Fundamentals of Agile Coaching

By: Jim Stewart, PMP on July 10th, 2019

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Fundamentals of Agile Coaching

Agile  |  Corporate Training

I have been a project manager and instructor for many years and in this capacity, I have often had to coach and/or mentor team members, especially junior project managers. I had never actually been trained in either coaching or mentoring, so I provided the kind of insight I would have liked to have gotten when I was starting out.

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But recently I gained an Agile coaching certification from an organization called IC-Agile. This involved taking a two-day, interactive class along with a few outside-the-class webinars. I’ve also now been involved in Agile coaching for a customer and have read some great books about it.

 

Agile Coach Not a Life Coach

The first thing to understand is an Agile coach is not a life coach. His or her job is to instill the fundamentals of Agile, or what we might call the Agile mindset, in those whom he or she coaches.

 

Perhaps the best way to illustrate the Agile mindset is to talk about Scrum values. Scrum is a leading type of Agile. Per the 2017 Scrum Guide:

 

“When the values of commitment, courage, focus, openness, and respect are embodied and lived by the Scrum Team, the Scrum pillars of transparency, inspection, and adaptation come to life and build trust for everyone. The Scrum Team members learn and explore those values as they work with the Scrum events, roles, and artifacts.

 

Successful use of Scrum depends on people becoming more proficient in living these five values. People personally commit to achieving the goals of the Scrum Team. The Scrum Team members have the courage to do the right thing and work on tough problems. Everyone focuses on the work of the Sprint and the goals of the Scrum Team. The Scrum Team and its stakeholders agree to be open about all the work and the challenges with performing the work. Scrum Team members respect each other to be capable, independent people.” 1

 

I’ll use a particular example to illustrate how an Agile coach might help.

 

Traditional Waterfall to Agile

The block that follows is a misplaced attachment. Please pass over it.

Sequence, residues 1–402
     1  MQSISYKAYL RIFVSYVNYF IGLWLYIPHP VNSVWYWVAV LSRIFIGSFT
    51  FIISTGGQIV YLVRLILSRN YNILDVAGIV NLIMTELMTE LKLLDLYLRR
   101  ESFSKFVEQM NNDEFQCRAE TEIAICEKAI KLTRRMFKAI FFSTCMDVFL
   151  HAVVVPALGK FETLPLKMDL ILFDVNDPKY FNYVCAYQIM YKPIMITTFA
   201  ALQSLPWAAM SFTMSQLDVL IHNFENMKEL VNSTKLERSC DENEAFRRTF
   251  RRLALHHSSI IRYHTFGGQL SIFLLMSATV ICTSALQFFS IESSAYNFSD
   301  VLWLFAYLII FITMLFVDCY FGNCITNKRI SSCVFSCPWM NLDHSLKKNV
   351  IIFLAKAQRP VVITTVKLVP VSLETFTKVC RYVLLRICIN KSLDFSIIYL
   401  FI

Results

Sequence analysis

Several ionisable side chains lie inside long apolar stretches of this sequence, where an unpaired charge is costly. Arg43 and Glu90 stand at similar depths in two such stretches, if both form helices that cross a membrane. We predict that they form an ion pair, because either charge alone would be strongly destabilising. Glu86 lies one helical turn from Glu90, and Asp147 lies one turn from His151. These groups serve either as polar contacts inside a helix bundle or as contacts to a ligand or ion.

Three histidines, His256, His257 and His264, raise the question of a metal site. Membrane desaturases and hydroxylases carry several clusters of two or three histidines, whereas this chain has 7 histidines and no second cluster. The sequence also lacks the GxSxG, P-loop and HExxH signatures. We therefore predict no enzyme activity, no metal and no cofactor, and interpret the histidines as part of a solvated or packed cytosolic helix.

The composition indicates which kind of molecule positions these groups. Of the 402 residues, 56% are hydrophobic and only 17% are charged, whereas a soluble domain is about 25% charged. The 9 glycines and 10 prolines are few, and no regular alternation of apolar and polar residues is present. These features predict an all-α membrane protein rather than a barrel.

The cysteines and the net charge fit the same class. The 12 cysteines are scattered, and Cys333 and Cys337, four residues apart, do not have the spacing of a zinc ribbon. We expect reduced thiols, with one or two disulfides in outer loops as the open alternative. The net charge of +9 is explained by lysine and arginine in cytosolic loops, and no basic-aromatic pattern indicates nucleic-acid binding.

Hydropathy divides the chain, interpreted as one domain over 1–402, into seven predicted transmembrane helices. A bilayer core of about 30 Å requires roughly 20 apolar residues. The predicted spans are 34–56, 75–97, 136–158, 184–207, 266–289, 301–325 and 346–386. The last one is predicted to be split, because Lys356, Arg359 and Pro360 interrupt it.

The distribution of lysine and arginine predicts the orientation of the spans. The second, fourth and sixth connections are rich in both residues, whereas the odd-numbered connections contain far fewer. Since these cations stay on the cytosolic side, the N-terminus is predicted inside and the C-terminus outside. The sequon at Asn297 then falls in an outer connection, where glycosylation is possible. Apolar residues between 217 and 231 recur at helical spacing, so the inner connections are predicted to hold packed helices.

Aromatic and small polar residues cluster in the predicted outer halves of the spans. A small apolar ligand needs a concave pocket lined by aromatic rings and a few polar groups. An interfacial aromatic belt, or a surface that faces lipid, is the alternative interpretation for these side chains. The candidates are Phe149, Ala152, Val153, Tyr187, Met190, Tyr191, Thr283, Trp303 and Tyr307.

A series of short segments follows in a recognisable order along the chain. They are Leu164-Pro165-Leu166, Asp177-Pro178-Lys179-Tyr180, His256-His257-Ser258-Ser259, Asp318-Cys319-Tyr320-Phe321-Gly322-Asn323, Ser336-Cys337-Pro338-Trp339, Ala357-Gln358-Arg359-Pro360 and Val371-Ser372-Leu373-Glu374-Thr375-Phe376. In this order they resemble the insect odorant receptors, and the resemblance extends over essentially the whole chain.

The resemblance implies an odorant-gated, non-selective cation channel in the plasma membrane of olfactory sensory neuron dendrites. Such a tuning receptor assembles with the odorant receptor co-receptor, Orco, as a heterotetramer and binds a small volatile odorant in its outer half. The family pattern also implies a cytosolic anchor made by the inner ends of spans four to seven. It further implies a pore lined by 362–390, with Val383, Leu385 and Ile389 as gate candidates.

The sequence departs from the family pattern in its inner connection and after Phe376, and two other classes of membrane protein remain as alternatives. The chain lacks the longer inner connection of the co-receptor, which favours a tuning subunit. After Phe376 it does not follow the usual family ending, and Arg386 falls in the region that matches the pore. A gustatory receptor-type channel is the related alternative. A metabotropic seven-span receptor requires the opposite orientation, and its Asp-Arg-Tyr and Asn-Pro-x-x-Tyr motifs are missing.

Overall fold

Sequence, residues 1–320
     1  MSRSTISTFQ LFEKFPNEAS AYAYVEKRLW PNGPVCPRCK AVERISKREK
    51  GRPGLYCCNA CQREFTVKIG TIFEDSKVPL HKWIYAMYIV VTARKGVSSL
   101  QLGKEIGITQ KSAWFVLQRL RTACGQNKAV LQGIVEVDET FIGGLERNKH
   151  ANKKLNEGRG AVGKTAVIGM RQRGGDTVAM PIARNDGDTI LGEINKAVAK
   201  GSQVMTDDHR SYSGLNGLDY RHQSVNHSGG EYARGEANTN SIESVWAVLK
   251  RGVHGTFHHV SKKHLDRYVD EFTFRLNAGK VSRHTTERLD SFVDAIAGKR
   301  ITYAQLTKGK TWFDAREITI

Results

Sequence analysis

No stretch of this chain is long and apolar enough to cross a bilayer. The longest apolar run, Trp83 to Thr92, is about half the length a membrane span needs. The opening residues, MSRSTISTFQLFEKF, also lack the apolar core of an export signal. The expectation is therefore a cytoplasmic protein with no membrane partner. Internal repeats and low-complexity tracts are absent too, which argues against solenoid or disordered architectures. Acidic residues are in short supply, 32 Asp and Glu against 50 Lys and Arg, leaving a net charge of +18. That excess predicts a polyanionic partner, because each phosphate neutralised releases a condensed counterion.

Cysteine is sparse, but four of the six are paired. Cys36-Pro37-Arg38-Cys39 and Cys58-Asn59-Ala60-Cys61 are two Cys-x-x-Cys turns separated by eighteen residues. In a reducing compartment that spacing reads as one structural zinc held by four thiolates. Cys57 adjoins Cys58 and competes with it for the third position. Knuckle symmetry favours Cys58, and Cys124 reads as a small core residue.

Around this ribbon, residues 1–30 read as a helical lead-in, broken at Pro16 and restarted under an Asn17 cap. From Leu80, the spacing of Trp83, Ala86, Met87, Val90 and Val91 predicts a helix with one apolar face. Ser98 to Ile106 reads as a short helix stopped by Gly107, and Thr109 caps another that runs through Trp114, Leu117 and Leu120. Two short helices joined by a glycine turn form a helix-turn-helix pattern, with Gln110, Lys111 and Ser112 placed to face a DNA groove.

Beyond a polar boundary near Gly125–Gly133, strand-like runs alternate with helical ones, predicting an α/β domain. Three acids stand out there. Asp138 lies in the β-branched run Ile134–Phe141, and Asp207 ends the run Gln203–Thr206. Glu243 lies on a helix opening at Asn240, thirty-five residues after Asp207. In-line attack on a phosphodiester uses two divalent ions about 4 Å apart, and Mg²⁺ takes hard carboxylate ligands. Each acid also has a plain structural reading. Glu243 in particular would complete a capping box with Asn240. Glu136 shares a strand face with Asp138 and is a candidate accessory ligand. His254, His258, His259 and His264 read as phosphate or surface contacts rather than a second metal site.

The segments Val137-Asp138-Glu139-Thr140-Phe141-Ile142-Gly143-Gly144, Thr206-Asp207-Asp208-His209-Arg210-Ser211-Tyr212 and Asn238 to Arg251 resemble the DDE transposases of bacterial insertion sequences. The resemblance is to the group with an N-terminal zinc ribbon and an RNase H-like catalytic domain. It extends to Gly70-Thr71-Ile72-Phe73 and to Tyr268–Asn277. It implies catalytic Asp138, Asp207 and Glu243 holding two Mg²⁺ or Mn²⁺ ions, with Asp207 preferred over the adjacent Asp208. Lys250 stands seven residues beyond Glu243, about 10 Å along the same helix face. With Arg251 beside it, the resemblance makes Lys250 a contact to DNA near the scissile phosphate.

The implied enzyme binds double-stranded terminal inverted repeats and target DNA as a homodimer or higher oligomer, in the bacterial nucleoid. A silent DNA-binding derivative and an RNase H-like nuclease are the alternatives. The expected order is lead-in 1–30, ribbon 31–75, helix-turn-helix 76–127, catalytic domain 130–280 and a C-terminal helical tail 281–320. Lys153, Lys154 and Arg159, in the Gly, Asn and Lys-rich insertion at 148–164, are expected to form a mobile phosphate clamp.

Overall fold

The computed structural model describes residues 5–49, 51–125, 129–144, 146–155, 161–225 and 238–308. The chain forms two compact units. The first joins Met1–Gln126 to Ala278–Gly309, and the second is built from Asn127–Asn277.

Let’s say I have been brought into an organization to help perform an Agile transformation. What this means is a company has decided to go fully into Agile from traditional waterfall project management. This is not an easy transition as the entire mindset of the organization has to change.

Some of the important considerations for the Agile coach to impart in the organization include:

  • Moving from a command-and-control mindset to one of self-organizing teams. Team members commit to each other in a daily stand-up and decide how they will get work done.
  • Moving towards servant leadership. A Servant Leader shares responsibility and puts the needs of the team first while also helping colleagues develop and perform as effectively as possible.
  • There is no such role as a project manager. This means there is no one who is driving the team to get things done, laying out tasks, and checking up on them. This is the team’s job to do.
  • There is a Scrum Master who is not a project manager. His or her job is to facilitate the team’s work and get impediments out of their way.
  • It is not necessarily a given that a project manager will automatically transition into the Scrum Master role. It can be difficult to “let go.”
  • There is a lot less paperwork. As the Agile Manifesto states, “We have come to value working software over comprehensive documentation.”
  • There are daily meetings with the business to work collaboratively.
  • The business – product owners specifically – have to learn to trust the system.
  • Senior management must let the team work at its pace, trusting – the keyword again –the team will start to perform at its optimal level.

While it may not seem obvious, there are some fundamental changes described in the bullets above. Most significantly is moving away from command-and-control towards servant leadership. This can be especially challenging for management, who will want to send a “get things done” type of PM into a role which by definition requires a facilitator.

 

Additionally, some people have a hard time believing a team can become self-organizing and need someone – they believe – to drive the team forward. This too is a learned behavior.

 

Now, if we go back to the initial scenario of a company who wants to perform a transition, what exactly does the Agile coach do? What is his or her function?

 

Essentially, it’s to propagate and spread the Agile mindset throughout the company, all the while being cognizant of the fact people are resistant to change. And this must occur at all levels of the organization or there will be a return to the old behavior.

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1. The Scrum Guide, ©2017, Ken Schwaber and Jeff Sutherland. https://www.scrum.org/resources/scrum-guide